Security

Report: 61% of IT leaders rely only on employees to enforce strong passwords

More than two-thirds of employees regularly have problems with password useage or management, according to a new report from LastPass and Ovum.

Password managers: Should you use one?

Organizations rely heavily on employees to monitor password behavior, putting the company at risk and highlighting the gap between IT policy and human behavior, according to a new report from LastPass and Ovum.

Some 61% of IT executives rely exclusively on employee education to enforce strong passwords, according to a survey of 355 IT executives and 550 corporate employees across North America, Europe, and Asia-Pacific. And weak password systems put users and companies at risk: 76% of employees reported that they regularly have problems with password usage or management, the survey found.

These issues also lead to problems for IT, the survey found: More than a third of employees said they need password-related help desk support at least once every month.

The cloud has also posed new password and access complications, the report stated: 78% of IT leaders said they lack the ability to access and control Software as a Service (SaaS) apps used by their employees.

SEE: Password Management Policy (Tech Pro Research)

"This research has clearly identified an urgent need to close the password security gap," Andrew Kellett, principal analyst of infrastructure solutions at Ovum, said in a press release.

At four out of ten companies surveyed, IT leaders said they still rely on entirely manual processes to manage user passwords for cloud applications. Few companies offer protections against password sharing as well: 64% of IT leaders surveyed said they had no technology in place to defend against password sharing, while just 14% used automated control facilities to do so.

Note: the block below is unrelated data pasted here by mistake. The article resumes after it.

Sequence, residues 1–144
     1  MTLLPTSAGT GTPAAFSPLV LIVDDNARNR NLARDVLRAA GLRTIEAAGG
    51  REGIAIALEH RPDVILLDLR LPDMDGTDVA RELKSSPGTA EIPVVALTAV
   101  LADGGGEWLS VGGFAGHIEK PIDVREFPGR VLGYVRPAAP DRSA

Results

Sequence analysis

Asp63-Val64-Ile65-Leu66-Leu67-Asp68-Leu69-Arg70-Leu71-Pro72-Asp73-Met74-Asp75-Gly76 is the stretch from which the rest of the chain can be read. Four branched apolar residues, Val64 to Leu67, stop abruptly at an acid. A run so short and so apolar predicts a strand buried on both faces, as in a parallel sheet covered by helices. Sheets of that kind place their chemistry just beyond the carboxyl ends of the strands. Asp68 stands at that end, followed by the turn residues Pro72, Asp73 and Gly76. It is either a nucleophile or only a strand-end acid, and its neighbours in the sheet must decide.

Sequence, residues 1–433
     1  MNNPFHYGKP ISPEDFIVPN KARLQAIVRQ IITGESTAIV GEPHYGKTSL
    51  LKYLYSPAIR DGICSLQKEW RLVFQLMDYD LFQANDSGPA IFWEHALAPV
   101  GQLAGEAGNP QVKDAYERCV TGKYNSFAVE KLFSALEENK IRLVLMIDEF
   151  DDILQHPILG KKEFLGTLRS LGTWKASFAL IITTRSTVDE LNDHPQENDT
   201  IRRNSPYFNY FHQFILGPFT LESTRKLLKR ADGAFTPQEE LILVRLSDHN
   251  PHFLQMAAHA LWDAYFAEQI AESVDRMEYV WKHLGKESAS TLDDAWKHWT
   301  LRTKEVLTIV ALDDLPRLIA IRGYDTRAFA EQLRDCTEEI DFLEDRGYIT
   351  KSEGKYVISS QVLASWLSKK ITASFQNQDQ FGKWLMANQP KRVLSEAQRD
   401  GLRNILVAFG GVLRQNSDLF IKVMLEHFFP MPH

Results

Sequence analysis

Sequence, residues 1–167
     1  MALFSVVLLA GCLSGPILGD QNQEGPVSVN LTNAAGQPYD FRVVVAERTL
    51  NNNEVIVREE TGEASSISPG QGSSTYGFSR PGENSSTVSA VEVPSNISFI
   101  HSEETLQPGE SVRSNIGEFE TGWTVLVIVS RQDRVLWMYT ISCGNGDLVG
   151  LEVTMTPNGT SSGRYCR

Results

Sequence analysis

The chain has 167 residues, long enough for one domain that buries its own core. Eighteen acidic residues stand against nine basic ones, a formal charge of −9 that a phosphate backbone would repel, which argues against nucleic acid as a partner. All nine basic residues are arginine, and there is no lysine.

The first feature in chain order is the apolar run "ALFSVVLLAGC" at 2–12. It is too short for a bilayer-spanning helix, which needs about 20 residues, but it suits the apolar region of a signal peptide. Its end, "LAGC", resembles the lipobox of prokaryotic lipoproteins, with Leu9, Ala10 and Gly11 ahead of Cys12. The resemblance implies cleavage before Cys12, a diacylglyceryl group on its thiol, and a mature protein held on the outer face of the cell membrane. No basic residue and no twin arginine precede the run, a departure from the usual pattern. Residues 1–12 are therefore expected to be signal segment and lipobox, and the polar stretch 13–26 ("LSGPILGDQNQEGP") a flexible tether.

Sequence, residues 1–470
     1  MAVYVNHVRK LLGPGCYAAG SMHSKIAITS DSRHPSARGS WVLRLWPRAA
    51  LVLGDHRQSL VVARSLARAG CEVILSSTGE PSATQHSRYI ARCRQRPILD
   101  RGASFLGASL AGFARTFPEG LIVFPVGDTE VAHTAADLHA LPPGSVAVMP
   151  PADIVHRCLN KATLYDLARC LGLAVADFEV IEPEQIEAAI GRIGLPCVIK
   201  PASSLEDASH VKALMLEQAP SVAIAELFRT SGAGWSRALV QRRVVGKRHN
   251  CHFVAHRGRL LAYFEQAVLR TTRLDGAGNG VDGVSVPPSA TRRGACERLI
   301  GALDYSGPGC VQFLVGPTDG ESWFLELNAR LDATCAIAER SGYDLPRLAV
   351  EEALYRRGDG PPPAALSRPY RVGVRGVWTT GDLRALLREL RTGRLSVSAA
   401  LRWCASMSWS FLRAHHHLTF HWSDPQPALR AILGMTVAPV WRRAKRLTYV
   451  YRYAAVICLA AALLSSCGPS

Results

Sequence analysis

"In many cases, an organization's password management practices are overly reliant on manual processes and far too often place an excessive level of trust in employees to use safe password practices," Matt Kaplan, general manager of LastPass, said in the release. "The threat posed by human behavior coupled with the absence of technology to underpin policy is leaving companies unnecessarily at risk from weak or shared passwords. Organizations need to focus on solving for both obstacles in order to significantly improve their overall security."

To learn more about current password best practices for employees, click here.

Want to use this data in your next business presentation? Feel free to copy and paste these top takeaways into your next slideshow.

  • 61% of IT executives rely exclusively on employee education to enforce strong passwords. -LastPass and Ovum, 2017
  • 76% of employees say they regularly have problems with password usage or management. -LastPass and Ovum, 2017
  • 64% of IT leaders say they had no technology in place to defend against password sharing. -LastPass and Ovum, 2017
Image: iStockphoto/mangpor_2004

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